ALICE HENKEL (1869-1916)

A botanist for the US Department of Agriculture, Alice Henkel wrote authoritative pamphlets about medicinal plants, best-sellers among the department’s publications.

Alice Henkel’s career serves as a reminder of both the limitations placed on talented women of her time and the ways they found of dealing with those limitations. She came from a family of doctors, druggists, and botanists; her father was an Ohio pharmacist who moved his family to Washington to work for the government. There Alice studied stenography and typing and, after working for a newspaper, took a civil service exam and began her career at the USDA as a stenographer. Her knowledge of pharmacy and her competence in transcribing scientific documents attracted the attention of Charles W. Dabney, Assistant Secretary of Agriculture under Grover Cleveland. According to a 1915 profile published in The Pharmaceutical Era, Dabney “urged her to give up stenography and study some scientific subject.”

For three years, Alice Henkel studied medical botany at the National College of Pharmacy, which later became part of George Washington University. In 1898 she was transferred to the USDA Division of Botany, working under chief botanist Frederick Vernon Coville, who with Henry Hurd Rusby and others had recently completed a medicinal plant survey for the Smithsonian Institution.

In 1901, Coville put Henkel in charge of the medicinal plants to be cultivated in the USDA test gardens, working in the newly organized Bureau of Plant Industry. Her first pamphlet, Weeds Used in Medicine, was published in 1904. In it, she suggested that farmers might make “pests sources of profit,” collecting and curing drug plants that they had heretofore regarded as weeds. “The prices paid for crude drugs,” she admitted, “would rarely tempt anyone to pursue this line of work as a business. Yet, if in ridding the farm of weeds and thus raising the value of the land the farmer can at the same time make these pests the source of a small income instead of a dead loss, something is gained.” She offered advice about collecting and curing plant material, distinguished between methods for processing roots, leaves, flowers, and barks, and recommended sending samples to commission merchants, general stores, and drug stores. The plants described included burdock, dandelion, yellow dock, foxglove, pokeweed, and yarrow. In later publications, Henkel offered advice on plants with established markets, such as goldenseal and peppermint.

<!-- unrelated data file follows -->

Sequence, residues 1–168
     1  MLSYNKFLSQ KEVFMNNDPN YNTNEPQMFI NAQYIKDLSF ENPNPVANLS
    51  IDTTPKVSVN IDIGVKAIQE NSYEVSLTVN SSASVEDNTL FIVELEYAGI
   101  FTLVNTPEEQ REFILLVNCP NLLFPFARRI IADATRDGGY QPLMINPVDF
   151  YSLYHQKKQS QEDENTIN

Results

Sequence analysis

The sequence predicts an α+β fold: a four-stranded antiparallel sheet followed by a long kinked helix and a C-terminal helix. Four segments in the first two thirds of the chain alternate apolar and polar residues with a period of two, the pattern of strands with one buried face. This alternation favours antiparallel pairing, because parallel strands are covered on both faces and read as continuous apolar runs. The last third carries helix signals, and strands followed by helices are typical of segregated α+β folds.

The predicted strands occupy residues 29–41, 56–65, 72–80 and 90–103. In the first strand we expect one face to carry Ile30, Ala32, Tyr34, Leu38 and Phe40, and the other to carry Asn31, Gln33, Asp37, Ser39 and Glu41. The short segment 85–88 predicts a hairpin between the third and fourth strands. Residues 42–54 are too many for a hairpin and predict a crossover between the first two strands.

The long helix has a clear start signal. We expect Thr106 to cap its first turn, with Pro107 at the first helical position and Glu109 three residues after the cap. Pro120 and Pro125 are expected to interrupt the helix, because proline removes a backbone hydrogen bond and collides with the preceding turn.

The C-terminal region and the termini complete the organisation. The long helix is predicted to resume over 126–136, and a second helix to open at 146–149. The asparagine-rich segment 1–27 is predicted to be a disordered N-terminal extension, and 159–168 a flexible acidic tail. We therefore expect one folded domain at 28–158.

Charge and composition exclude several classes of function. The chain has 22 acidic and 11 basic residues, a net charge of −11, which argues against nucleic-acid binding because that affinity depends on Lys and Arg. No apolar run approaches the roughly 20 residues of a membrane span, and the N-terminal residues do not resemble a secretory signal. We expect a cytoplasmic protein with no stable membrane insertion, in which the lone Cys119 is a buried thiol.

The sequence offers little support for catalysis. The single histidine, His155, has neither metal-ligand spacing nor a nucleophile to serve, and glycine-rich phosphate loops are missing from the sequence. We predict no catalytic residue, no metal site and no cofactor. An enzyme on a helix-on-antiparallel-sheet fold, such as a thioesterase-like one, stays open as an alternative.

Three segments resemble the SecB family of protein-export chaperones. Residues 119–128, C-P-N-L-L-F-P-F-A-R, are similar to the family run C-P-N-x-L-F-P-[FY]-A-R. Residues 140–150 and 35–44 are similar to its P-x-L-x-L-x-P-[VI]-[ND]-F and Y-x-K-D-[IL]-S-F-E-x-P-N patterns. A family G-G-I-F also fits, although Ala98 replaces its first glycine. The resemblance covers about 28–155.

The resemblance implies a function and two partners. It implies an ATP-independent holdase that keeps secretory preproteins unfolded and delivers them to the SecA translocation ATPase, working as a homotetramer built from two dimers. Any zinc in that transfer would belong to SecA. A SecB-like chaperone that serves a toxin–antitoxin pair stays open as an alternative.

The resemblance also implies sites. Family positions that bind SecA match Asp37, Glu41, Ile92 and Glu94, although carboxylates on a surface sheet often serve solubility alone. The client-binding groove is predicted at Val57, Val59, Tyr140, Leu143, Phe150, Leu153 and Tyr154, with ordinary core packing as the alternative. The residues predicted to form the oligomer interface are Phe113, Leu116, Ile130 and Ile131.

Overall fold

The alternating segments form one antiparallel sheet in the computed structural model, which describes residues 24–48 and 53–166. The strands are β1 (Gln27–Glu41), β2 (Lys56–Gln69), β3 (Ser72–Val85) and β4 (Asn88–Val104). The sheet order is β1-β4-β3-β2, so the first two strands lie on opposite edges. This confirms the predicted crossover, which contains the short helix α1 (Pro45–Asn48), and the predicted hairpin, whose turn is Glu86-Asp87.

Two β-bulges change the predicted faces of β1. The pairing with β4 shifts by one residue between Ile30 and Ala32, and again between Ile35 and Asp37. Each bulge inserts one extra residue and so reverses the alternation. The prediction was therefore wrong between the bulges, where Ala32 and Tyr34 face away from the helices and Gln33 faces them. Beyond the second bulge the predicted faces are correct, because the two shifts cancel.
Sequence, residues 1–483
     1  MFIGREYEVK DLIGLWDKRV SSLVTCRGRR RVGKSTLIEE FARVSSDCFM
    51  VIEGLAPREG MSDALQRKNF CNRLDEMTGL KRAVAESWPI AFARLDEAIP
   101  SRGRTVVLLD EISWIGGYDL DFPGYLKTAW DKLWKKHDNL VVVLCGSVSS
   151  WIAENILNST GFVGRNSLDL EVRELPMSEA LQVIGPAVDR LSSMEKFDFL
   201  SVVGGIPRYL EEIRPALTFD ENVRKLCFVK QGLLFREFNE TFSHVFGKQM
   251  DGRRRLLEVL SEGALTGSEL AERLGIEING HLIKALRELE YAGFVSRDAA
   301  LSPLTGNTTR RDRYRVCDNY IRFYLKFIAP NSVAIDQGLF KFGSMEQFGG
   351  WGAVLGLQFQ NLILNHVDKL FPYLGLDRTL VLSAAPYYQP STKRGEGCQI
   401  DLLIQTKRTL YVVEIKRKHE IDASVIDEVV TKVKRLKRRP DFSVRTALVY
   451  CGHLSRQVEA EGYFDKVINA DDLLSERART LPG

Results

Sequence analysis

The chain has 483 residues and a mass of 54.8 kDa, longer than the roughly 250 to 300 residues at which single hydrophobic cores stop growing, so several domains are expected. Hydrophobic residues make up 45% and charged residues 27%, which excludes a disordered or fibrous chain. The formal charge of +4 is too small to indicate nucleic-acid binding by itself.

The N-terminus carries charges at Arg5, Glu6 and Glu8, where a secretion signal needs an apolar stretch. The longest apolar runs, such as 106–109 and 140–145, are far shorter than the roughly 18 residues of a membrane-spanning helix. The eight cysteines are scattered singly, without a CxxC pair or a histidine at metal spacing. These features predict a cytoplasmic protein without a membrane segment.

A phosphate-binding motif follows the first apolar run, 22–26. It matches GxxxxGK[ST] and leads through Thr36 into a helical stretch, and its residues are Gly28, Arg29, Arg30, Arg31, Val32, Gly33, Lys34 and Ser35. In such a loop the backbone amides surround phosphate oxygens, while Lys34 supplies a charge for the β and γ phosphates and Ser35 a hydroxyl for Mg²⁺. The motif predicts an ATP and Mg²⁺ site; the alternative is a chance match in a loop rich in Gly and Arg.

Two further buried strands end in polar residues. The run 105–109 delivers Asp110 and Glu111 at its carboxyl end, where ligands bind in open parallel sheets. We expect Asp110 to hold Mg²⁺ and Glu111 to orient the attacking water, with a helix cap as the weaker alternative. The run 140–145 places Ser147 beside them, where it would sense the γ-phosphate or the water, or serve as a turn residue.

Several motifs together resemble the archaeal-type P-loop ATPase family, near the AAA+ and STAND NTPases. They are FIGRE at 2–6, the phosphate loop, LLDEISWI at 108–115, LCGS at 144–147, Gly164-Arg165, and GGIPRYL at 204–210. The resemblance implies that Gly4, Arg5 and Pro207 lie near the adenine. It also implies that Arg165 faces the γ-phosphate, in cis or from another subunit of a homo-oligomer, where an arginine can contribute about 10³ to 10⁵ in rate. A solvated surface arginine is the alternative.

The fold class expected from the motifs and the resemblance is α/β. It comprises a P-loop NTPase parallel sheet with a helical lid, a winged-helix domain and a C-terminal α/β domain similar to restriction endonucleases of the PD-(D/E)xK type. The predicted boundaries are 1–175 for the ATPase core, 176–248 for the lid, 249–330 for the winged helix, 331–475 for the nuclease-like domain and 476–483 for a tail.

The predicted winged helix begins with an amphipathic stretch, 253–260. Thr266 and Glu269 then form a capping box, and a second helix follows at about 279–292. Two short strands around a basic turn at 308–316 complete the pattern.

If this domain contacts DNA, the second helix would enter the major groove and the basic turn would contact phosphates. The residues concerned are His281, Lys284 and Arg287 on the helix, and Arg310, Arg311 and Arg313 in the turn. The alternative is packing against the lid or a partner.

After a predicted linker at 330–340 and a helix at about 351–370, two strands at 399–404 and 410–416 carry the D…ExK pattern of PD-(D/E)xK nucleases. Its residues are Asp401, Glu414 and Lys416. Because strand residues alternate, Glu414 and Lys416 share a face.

In 1905, the work of investigating medicinal plants became an independent office, and Alice Henkel was transferred there, though her pamphlets continued to be published as Bureau of Plant Industry Bulletins. She was working in the USDA’s Office of Economic and Systematic Botany as of 1915, the year before her death.

The Department of Agriculture continued to offer advice about medicinal plants to farmers, including both cultivation and processing instruction and analysis of commercial prospects, in its Farmers’ Bulletins, such as #663, Drug Plants Under Cultivation (1920) and #1231, Drying Crude Drugs (1921). In 1930, A.F. Sievers, senior biochemist at the Office of Drug and Related Plants, Bureau of Plant Industry, compiled Alice Henkel’s pamphlets into USDA Miscellaneous Publication #77, American Medicinal Plants of Commercial Importance, eliminating some plants she had described and adding some new ones. It was commercially reprinted in the 1970s as The Herb Growers Guide.


Weeds Used in Medicine,” USDA Farmers’ Bulletin no. 188 (1904)

Goldenseal,” with G. Fred Klugh, USDA Bureau of Plant Industry Bulletin no. 51, Part 6 (1905). Revised as “The Cultivation and Handling of Goldenseal,” USDA Bureau of Plant Industry Circular no. 6 (1908)

Wild Medicinal Plants of the United States,” USDA Bureau of Plant Industry Bulletin no. 89 (1906)

Peppermint,” USDA Bureau of Plant Industry Bulletin no. 90, Part 3 (1905)

American Root Drugs.” USDA Bureau of Plant Industry Bulletin no. 107 (1907)

American Medicinal Barks” USDA Bureau of Plant Industry Bulletin no. 139 (1909)

“American Medicinal Leaves and Herbs,” USDA Bureau of Plant Industry Bulletin no. 219 (1911)

American Medicinal Flowers, Fruits, and Seeds,” Bulletin of the USDA, no. 26 (1913)